As we approach the holidays I wanted to reprise my ‘How to get through the holidays list. It is difficult during the holidays when missing a loved one. Just know that you are not alone.
1) Take it easy. Be kind to yourself. No pressure needed.
2) Cherish the memories of better times. Set aside the sad ones.
3) Remember the good times.. And know that your loved one wants you to be happy.
4) Acknowledge your pain and then put your energy into honoring his or her memory.
5) Make new memories.The holidays are often difficult, stressful, and sad even for those not grieving. It isn’t about the ads you see in magazines or on TV. The way you feel about holidays comes from memories of your own childhood…some happy some sad. If you are grieving don’t try to live up to Madison Avenue’s version of the holidays. Do what you can.
6) Continue to include your loved one in your celebrations. We always put ornaments my son made or that were given to him on our tree.
7) Keep it light… laugh often…hug lots.
8) Eat healthy foods and make sure that you are getting enough exercise and sleep.
9) Volunteer to help others. It will make you feel good. You might want to invite your family members to join you in serving at a soup kitchen or giving away toys at a shelter or hospital.
10) Donate to a charity in memory of your loved one. Give to his or her favorite cause. In honor of my son Cory, we donate to childhood cancer charities and adopt families to help them have a Christmas.
11) Again, we all grieve differently.There is no right or wrong way to grieve (unless one is behaving in a self-destructive way). You need to face your grief. Do not try to ignore it.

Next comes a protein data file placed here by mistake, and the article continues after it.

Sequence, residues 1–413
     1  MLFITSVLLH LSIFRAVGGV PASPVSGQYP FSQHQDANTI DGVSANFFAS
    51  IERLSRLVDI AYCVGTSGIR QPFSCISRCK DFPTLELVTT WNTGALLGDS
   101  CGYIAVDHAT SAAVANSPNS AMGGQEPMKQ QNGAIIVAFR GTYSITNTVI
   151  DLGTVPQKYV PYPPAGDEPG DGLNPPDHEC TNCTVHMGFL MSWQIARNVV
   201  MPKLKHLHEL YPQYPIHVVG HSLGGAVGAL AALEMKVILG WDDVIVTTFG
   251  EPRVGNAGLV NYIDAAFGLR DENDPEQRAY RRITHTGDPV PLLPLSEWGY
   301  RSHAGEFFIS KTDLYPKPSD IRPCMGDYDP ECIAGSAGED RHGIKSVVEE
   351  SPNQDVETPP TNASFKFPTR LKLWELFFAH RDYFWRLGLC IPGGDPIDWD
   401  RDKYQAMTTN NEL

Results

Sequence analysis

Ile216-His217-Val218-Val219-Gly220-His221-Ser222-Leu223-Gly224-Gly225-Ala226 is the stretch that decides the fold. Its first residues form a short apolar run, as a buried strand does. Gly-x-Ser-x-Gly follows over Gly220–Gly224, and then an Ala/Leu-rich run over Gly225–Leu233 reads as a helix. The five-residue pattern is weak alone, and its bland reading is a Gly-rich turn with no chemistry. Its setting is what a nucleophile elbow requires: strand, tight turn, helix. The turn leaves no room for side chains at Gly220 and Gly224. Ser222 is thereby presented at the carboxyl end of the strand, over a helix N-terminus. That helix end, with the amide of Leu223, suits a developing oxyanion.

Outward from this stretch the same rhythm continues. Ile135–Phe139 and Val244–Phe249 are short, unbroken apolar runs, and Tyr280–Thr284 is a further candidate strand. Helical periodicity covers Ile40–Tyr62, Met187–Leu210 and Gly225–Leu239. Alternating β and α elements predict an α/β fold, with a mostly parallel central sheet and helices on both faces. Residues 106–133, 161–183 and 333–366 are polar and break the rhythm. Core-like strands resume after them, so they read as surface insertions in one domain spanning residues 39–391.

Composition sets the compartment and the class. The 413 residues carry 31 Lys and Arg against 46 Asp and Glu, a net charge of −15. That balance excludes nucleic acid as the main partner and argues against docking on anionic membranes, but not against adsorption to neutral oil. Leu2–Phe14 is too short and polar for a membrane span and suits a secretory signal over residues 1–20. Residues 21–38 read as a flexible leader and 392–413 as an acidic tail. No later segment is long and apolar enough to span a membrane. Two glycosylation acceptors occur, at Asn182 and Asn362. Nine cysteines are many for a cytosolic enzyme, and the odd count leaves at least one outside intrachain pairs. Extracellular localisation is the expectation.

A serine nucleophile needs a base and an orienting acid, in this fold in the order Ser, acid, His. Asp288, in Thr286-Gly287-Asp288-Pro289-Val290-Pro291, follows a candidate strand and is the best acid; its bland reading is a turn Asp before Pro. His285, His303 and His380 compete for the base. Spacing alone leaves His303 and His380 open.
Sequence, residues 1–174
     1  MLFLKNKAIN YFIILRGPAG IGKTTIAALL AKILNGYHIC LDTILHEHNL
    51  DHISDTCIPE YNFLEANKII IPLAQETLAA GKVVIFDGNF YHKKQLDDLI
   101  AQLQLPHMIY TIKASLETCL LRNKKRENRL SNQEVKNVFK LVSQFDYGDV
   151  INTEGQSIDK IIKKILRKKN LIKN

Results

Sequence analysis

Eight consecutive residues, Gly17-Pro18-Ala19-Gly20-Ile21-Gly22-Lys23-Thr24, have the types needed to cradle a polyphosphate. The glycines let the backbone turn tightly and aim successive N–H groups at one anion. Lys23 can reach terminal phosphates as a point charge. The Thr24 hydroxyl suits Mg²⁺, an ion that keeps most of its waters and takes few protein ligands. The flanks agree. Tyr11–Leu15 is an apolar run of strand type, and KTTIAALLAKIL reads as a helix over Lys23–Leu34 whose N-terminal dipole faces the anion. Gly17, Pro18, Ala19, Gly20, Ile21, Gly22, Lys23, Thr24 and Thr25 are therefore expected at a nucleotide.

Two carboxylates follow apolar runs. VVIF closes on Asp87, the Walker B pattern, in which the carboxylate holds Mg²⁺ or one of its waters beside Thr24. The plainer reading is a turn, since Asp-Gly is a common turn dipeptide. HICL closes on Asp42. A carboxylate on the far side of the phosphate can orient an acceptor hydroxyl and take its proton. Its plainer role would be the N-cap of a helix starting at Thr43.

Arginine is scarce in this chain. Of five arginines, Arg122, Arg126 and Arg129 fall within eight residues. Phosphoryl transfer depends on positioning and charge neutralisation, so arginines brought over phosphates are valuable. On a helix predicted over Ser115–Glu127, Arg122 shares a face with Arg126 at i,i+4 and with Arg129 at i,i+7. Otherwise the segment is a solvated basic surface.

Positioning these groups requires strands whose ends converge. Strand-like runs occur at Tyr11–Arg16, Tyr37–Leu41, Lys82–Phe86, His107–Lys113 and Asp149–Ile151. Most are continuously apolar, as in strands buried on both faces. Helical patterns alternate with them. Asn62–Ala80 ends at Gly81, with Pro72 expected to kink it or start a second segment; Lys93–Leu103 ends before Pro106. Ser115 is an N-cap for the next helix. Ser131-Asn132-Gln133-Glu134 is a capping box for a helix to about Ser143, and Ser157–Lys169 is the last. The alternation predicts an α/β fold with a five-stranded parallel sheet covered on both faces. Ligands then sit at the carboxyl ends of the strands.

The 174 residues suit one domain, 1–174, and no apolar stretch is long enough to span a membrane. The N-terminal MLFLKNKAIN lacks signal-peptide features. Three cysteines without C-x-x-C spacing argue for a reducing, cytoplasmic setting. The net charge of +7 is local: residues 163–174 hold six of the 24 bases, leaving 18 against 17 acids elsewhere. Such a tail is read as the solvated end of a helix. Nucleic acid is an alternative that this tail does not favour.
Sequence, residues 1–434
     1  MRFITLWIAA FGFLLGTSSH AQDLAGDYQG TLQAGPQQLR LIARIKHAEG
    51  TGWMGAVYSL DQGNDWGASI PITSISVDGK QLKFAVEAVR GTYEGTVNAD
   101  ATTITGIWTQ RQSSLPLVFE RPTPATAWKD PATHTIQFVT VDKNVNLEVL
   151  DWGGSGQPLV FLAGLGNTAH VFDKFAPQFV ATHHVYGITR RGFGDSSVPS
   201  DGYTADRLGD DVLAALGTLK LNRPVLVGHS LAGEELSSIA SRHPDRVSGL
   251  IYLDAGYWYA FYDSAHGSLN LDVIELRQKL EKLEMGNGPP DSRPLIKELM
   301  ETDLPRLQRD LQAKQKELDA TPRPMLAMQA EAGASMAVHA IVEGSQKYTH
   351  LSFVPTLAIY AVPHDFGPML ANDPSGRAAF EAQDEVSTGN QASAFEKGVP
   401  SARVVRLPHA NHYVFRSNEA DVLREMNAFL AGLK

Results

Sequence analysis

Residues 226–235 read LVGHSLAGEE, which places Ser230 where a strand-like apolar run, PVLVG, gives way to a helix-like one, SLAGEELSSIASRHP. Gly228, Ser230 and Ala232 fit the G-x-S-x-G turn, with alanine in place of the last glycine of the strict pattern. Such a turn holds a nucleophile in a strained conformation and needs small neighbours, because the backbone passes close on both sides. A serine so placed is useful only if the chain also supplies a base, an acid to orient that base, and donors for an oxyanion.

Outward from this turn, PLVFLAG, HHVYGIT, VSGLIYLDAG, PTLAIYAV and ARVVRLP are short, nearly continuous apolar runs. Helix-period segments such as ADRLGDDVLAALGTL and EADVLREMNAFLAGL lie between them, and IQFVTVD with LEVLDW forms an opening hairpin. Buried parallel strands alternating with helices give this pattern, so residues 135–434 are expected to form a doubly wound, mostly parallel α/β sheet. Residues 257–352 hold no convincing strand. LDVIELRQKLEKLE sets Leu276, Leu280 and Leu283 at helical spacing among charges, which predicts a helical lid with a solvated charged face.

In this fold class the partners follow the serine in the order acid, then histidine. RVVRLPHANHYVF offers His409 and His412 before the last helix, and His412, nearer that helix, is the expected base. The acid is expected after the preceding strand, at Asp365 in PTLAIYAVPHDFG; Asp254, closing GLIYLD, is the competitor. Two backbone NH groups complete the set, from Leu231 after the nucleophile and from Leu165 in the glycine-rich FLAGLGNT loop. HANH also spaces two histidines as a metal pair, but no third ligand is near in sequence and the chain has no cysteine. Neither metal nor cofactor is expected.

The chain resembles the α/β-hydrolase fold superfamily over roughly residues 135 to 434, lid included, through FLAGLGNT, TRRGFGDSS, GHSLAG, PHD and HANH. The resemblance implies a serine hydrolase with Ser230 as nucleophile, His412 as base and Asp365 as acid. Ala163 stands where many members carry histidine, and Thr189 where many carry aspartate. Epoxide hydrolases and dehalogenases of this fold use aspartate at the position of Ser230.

12) Respect the coping style of those who are also grieving. Their style might be the opposite of yours but they are doing what they can manage too.
13) Don’t be afraid to talk about your loved one who died. Acknowledge his or her and do not be afraid of upsetting others in the process.
14) Create new rituals but do include your loved one. For example, at your family celebration ask each family member or friend to bring an item for a memory box. They could write a favorite memory, share a photo, write a poem or letter and then spend some time sharing each item. Place the items in the box that you all decorated or selected together. Each year add new items.
15) Listen to your body. Don’t push yourself too hard. Do what you can. If the death is very recent your first priority is to take care of yourself so that you can take care of your family.
16) Surround yourself with supportive, loving, caring people and then, if needed don’t be shy about asking for help. If you don’t have the energy or desire to get to your shopping, or get the house decorated or do any holiday baking, ask those supportive friends and family members for help. Or just let it go this year. You will survive.
17) If your loved one was self-destructive, please try to let go of your anger and judgment. Addiction is a disease like all others. You may believe he or she chose substance abuse over family and loved ones but don’t be so sure. Addiction is powerful. Focus on your good memories. Talk to a professional about your anger.
18) Suicide is hard on survivors. Many people think it is an act of selfishness but your loved one didn’t feel as if he or she had any options.Try to remember that he or she was in so much pain death was his or her only option.
Be well, and Happy Holidays!